Wednesday, February 18, 2009

Venezuela voting: The entrenchment of Hugo Chavez's tyranny

By Michael J.W. Stickings

Over the weekend, as you might have heard, Venezuelans voted to lift the constitutional term-limit restriction on elected officials, thereby allowing Tyrant Chavez to run for re-election and essentially to remain in power as long as he wants. It was a huge victory for Chavez, who in December of 2007 lost a previous referendum on this and other constitutional reforms.

As I wrote at the time -- and I have written extensively (and critically) here on Chavez's slice-by-slice acquisition of power -- the 2007 referendum was not about reforming the constitution so much as it was about entrenching Chavez's tyrannical rule: "He threatened to resign if his reforms were defeated, if he was defeated, but he won't. This vote may slow down his 'revolution,' his slice-by-slice coup, his gradual acquisition of tyrannical rule, but he will remain in power and he will try again. And again. Until he gets what he wants."

And, yes, he tried again... and succeeded, winning about 54% of the vote.

"The doors of the future are wide open," he speechified from the balcony of his presidential palace, but, in reality, they're closed. The future is Chavez and Chavez alone -- 54% of voters made sure of that -- who will run for re-election in 2012 and, of course, win.

Of course, it was not an entirely free and fair vote, nor one that fully reflects the will of the Venezuelan people -- oh, sure, observers said it was free and fair, but it clearly wasn't. "Opposition figures... said victory had been achieved thanks to huge government funding and blanket state television coverage," reported the BBC (link above). "In 10 years we have had 15 elections, 15, and this has been the most unequal, the most abusive campaign of all," said opposition leader Leopoldo Lopez. "So that's why you are seeing more propaganda, more campaigning, more advertisement for the 'yes' vote."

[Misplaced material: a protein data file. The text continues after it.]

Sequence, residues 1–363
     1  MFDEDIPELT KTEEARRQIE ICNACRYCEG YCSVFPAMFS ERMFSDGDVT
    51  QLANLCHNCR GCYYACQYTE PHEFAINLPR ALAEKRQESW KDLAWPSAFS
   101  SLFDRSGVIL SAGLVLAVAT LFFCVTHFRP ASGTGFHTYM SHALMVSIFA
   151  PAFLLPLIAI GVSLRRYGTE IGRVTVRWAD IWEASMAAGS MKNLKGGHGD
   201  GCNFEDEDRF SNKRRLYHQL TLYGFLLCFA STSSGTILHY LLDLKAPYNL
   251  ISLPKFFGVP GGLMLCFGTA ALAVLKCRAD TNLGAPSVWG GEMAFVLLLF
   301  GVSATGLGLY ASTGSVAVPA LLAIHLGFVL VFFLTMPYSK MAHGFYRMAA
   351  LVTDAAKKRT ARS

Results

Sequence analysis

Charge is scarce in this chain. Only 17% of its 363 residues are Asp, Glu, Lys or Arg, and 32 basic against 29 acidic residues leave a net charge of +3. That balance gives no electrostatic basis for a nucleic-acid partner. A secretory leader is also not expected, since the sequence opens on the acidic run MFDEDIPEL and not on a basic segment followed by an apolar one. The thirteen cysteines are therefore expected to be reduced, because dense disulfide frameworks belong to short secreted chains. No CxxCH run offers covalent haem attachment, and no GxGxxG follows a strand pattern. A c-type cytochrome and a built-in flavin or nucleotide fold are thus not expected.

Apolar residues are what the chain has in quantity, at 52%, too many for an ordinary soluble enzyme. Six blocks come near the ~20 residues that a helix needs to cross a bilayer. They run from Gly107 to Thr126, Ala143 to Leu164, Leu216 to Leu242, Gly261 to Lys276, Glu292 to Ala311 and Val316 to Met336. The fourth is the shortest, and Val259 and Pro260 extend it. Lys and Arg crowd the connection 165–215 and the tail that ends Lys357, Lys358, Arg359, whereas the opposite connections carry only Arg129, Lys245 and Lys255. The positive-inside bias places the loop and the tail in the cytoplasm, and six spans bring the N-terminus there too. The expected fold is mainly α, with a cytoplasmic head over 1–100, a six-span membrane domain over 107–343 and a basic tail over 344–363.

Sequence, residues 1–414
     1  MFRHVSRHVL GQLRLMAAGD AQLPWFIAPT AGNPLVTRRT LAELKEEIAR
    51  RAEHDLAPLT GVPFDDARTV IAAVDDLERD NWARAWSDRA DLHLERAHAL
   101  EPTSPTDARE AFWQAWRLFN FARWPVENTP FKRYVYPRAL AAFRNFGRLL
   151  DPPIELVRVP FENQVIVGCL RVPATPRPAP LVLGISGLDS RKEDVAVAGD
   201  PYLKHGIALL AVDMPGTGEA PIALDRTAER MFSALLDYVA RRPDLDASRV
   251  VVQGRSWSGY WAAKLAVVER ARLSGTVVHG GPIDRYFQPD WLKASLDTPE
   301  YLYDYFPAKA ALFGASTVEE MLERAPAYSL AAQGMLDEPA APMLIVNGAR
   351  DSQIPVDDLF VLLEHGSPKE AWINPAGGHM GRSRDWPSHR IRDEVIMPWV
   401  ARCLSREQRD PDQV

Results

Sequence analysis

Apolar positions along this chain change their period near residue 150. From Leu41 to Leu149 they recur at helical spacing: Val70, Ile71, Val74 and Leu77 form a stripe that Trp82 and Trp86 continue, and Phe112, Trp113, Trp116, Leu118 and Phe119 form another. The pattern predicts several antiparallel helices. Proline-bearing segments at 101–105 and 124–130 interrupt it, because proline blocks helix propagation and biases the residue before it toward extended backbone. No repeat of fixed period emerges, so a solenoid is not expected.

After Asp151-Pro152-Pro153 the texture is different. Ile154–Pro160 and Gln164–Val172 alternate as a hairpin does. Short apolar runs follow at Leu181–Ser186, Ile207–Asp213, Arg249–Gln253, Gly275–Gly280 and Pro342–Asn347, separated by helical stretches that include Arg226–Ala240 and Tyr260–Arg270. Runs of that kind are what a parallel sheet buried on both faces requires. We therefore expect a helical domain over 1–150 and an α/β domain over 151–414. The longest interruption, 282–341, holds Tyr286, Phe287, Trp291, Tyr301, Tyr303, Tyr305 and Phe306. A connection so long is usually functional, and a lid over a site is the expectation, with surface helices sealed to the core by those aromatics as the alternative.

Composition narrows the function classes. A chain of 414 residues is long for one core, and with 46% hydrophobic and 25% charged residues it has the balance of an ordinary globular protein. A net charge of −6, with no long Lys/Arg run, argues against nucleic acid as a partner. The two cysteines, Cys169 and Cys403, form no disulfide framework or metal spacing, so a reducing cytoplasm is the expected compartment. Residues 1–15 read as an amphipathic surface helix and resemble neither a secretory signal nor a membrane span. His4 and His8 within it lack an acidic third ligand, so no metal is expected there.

As well, turnout was fairly low, if higher than in 2007, with just 11 million of 17 million eligible voters casting ballots. According to the BBC, "Chavez managed to persuade more of his supporters to vote, as turnout was considerably higher than in 2007. One factor was probably the change in the wording of the question, so that this time voters decided on whether term limits would be lifted for all officials not just the president." Not that it really matters about other elected officials. The vote was about Chavez, and he did what he had to do to win, pushing propaganda and getting his supporters to the polls.

Still, as bleak as this all seems -- and I remain a fervent foe of Chavez and his regime (and, weirdly, and not by my own doing, I'm now on the mailing list of the Venezuelan embassy in Washington, which spits out predictable propaganda) -- there may be a "silver lining," as Alvaro Vargas Llosa has suggested:

Hugo Chavez's victory in Sunday's constitutional referendum in Venezuela will allow him to run for re-election indefinitely, but it does not mean he will be able to establish a totalitarian state anytime soon.

*****

Even though the opposition was not able to defeat Chavez this time, the referendum confirmed that he still faces millions of Venezuelans who abhor his regime. The opposition obtained 45.6 percent of the vote -- 9 percentage points more than in 2006, when Chavez won his third term. The "no" vote won in five key states and got more than 40 percent in nine others. He was only able to win in one of the five states governed by the opposition -- and lost the state of Merida, governed by a Chavista.

If in next year's legislative elections the opposition obtains similar results, it will control almost half of the National Assembly -- a big shift with respect to the current situation, with Chavez in total control because the opposition boycotted legislative elections in 2005.

Perhaps more significantly, the results confirm that Chavez's base in the major urban centers, where Venezuela's biggest slums are concentrated, has been seriously eroded: His power is increasingly reliant on the more rural or provincial parts of the country.

Well, okay. Good.

The problem is that Chavez is still in power, and will remain in power, and still controls the levers of power, and is more powerful than he was last week. So while there may be cause for optimism -- with the country seemingly trending against Chavez -- tyranny, if not quite totalitarianism, is still the order of the day. And that isn't about to change anytime soon.

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